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Midnight-Hour Changes To Health Bill Undermine Seniors, Veterans And Workers

Press Release

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Date:
Location: Washington, D.C.

Senator Chuck Grassley said that early this morning, during final hours of work on health care reform legislation, the Senate Finance Committee agreed to changes that are bad for seniors, veterans and workers.

"These changes need to see the light of day," Grassley said. "Americans considering what this health care proposal means for them deserve to know that Medicare prescription drug premiums would probably go up, veterans' access to health care would be diminished, and workers' wages could be garnished in the midst of growing unemployment and a prolonged recession, in order to pay for other spending in the health reform bill. The issues behind seniors being subjected to higher premiums in Medicare Part D also emphasize the reason why it's important for senators to have actual cost estimates from the Congressional Budget Office before being asked to vote on major policy changes."

In a wrap-up amendment, committee members voted 13 to 10, along party lines, to expand the power of a newly created Medicare Commission to raise premiums paid by seniors for Medicare prescription drug coverage. Grassley said the wrap-up amendment was offered in order to add back $11 billion in Medicare cuts that were lost because of the special carve-out from the proposed Medicare Commission's authority over spending for hospitals in the pending reform legislation. The special exception for hospitals was agreed to in secret negotiations last summer. The overall committee bill was short the $11 billion for the hospital deal after the Congressional Budget Office (CBO) this week provided its score for the hospital carve-out. So, the new authority for a Medicare Commission to raise prescription drug premiums was added in the wrap-up amendment because additional Medicare cuts were needed to pay for the special hospital carve-out.

The wrap-up amendment, which was sponsored by Senator John D. Rockefeller of West Virginia, also gutted a provision for veterans that committee members had agreed to earlier in the mark-up session. An amendment offered by Senator Jim Bunning of Kentucky was passed to prevent the tax increases in the pending health care proposal from increasing the cost of medical care provided to veterans or reducing veterans' access to treatment. The wrap-up amendment wiped out that protection by turning it into a mere study to be conducted by the Secretary of the Department of Veterans Affairs. Grassley said the change may have been made to try to cover up the fact that the underlying bill could reduce assistance for veterans' medical care in order to meet budget neutrality rules for the bill. He said that due to lack of customary consultation on the matter, there was no way to know how gutting the Bunning amendment addressed any technical issues.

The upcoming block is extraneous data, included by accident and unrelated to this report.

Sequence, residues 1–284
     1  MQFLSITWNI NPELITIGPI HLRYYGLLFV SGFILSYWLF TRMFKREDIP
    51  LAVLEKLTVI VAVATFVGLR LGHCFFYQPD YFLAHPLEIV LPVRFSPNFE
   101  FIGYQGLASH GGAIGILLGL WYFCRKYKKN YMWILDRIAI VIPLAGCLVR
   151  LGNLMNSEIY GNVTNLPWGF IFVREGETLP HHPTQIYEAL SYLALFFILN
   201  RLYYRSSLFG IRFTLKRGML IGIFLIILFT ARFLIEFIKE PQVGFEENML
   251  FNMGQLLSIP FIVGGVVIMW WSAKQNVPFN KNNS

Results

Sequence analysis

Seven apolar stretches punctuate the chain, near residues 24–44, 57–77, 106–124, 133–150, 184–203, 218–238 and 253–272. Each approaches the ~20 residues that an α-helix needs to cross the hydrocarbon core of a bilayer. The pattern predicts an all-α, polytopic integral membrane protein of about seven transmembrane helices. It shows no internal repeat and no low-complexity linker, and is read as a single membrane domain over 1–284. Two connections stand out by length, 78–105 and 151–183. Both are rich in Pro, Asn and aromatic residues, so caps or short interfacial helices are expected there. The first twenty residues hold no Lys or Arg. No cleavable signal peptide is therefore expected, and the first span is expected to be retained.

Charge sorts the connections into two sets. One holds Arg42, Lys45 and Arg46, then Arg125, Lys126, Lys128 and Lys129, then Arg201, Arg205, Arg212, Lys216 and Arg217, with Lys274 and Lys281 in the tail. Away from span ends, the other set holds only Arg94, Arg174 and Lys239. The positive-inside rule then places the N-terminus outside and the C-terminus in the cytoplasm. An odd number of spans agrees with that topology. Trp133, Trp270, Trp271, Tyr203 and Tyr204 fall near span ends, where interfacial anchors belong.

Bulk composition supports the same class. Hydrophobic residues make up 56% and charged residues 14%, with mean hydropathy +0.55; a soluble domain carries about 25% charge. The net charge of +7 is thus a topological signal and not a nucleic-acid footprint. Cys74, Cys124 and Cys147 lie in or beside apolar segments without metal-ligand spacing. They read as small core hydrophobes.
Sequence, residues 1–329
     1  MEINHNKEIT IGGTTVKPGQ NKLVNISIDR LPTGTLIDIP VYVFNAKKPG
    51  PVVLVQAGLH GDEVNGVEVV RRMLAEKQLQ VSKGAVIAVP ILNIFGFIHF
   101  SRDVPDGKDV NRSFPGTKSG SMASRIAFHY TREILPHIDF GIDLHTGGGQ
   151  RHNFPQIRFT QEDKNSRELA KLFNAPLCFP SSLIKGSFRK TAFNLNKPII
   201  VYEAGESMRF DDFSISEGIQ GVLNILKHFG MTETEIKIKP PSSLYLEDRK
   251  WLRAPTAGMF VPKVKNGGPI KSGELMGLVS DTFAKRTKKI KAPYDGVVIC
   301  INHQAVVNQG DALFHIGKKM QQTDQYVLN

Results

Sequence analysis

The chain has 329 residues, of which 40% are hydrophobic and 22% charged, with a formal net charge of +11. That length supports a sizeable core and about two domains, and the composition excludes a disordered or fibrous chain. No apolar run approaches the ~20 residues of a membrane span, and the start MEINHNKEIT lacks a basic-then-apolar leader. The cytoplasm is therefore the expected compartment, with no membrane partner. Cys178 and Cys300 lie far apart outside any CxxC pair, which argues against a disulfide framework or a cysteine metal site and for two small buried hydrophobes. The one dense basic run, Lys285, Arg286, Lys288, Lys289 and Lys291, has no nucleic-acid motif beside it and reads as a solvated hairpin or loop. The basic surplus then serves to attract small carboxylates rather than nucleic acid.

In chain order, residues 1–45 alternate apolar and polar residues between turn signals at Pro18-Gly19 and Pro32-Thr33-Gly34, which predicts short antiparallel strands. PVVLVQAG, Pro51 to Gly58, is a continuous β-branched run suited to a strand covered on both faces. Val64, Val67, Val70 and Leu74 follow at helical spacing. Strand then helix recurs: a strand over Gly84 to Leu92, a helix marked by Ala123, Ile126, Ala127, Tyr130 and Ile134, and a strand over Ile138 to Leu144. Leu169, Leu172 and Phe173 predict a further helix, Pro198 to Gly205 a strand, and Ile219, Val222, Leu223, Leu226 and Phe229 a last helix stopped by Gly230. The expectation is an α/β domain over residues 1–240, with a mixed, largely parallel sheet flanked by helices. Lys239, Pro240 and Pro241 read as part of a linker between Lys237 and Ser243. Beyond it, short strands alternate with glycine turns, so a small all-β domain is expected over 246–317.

Additionally, the wrap-up amendment nullified an amendment sponsored by Senator Mike Enzi of Wyoming, which committee members earlier had adopted on a 21 to 0 vote, to safeguard workers' wages from being reduced because of the effect of fees and assessments on employers. Here, again, Grassley said, the late-night wrap-up amendment approved by the majority gutted the amendment by transforming the legislation into an inconsequential study by the Secretary of Labor.

Grassley is Ranking Member of the Committee on Finance.


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